How can management continue to cherry-pick the parts of the law it likes and reject that which it does not?

    Where can I go to help with this cause?

    • The current “law” is held in the Second Circuit, since it reviews the Southern District Court of NY. The SDNY is where all the airlines file for CH11, since it has an unbroken streak of smashing employee contracts.

      The way it currently works is that the airlines are allowed to pick what parts of the Section 1113 and RLA they wish to use. They can reject your contract, but still requrire you work under terms not agreed to.

      Crazy as it sounds, we (airline pilots) have a legal obligation to honor agreements we didn’t agree to, and to abide by very tortured interpretations of the RLA. That is the current “law” and is the feature we are trying to change.

      They can hold you under the RLA provisions of requiring NMB approval to strike, while saying that an 1113 rejection isn’t a “unilateral” action by the employer. As long as they can have a judge do their dirty work, it all passes the legal requirements of the RLA (but only in the Second Circuit.)

      The BK laws prevent courts from interfering with rail employees, as they fall under 1167, not 1113.

      The justification for such is that the bond holders for airlines will need a source of liquidity for their bonds. Airline employee contracts are that soruce.

      You can read two great reviews of this situation on our website.

      The first is a review of the current law and all its flaws:

      The second is Congressional testimony about the state of affairs of airline employees in BK. As you will see, the Congress knows, without a doubt, the law is unfair, but won’t lift a finger to do anything about it. They must be enticed into doing the right thing.

      That’s what we are attempting to do.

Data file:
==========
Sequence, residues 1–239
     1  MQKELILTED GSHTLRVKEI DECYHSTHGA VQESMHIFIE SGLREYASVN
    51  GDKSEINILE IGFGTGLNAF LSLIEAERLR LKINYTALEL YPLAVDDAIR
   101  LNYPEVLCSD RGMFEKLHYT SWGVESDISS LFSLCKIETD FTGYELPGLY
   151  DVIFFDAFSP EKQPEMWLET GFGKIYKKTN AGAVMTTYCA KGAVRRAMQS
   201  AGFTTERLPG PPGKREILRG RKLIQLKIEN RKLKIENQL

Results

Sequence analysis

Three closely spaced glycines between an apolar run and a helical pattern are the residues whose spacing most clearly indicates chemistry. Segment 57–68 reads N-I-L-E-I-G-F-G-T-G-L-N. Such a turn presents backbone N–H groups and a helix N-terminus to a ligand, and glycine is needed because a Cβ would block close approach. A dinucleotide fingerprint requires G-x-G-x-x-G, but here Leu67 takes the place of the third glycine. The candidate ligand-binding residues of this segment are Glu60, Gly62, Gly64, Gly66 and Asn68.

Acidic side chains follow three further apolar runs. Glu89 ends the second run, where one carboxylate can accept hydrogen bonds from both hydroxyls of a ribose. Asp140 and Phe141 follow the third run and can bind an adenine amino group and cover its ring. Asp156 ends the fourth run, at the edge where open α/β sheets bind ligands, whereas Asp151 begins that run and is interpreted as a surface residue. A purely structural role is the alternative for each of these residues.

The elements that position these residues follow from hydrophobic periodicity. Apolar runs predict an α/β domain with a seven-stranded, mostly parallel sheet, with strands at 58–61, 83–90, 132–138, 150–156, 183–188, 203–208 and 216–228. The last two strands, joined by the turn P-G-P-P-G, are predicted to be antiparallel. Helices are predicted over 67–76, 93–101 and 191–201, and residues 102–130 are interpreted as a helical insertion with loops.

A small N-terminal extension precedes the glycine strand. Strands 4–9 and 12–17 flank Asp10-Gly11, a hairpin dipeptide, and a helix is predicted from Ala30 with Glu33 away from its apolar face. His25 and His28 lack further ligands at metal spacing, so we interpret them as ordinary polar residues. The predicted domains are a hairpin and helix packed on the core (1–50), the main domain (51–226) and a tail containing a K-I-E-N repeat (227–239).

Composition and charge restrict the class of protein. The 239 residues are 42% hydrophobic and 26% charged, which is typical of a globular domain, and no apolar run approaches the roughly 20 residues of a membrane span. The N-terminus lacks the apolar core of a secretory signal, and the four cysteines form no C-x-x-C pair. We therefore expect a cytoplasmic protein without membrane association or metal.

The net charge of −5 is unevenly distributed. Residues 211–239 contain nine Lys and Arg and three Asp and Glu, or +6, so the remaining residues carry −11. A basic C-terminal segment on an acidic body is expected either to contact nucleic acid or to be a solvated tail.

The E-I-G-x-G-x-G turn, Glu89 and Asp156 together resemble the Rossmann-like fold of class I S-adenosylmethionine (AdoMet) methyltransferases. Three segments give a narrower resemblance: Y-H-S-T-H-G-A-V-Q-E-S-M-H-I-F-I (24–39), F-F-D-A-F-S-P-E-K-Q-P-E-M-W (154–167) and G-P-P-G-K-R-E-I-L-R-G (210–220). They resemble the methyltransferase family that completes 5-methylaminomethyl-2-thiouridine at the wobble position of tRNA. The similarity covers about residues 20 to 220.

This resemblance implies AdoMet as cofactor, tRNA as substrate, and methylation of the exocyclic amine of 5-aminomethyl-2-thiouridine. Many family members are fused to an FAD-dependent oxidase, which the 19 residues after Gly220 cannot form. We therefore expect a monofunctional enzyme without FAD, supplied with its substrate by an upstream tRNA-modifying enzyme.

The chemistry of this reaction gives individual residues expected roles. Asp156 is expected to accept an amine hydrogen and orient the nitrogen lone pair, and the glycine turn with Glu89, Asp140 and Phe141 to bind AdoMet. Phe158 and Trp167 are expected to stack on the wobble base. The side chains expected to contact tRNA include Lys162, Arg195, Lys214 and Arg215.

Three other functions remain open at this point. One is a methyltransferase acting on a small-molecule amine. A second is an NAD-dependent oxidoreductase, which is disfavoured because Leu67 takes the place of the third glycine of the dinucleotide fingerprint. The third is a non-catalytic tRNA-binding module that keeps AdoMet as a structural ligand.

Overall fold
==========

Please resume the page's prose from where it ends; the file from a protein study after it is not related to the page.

The argument that Congress currenly buys into is that airline employees are better off with “70% of something” than “100% of nothing.” In reality, this is just a way for lazy bond writers and incompetent airline managers to cover their problems with your paycheck.

  2. WM says:

    the rla an act of congress stresses that one one interfere with the collective bargaining process . the use of Section 1167 of the bankruptcy code interferes with the collective bargaining process ; which is not allowed by rla . when does a code over rule an act ? the airline employee is singled out by Section 1167 of the bankruptcy code exclusive ; railroad ; maritime etc are exempt from Section 1167 of the bankruptcy code and can not have their cba abrogated . this brings to mind equal protection under the law civil rights ; who is all of this constitutional ?

    • This is true. The RLA does not give the bankruptcy code as a means to violate its provisions. The only circuit where this is law is in the Second Circuit (New York). Filing for certiorari to have the Supreme Court sort the matter out was a golden opportunity squandered by APA. They did this ostensibly to gain the merger with LCC. Now that the DOJ is attempting to block/shakedown the merger, we shake our head in disgust that, once again, pilot unions allowed timid legal advice and shortsighted goals to allow management to roll them again.

      If it were not for the tens of thousands of pilots (this has effect beyond American Airlines) that will have their lives permanently harmed by such cowardice, it would be perversely funny.

      See our article on Certiorari for further explanation.

      As a point of clarification, the problem is with Sec 1113 (airlines), not with Sec 1167 (rail). 1167 is quite clear that the RLA’s provisions must be respected, regardless of bankruptcy.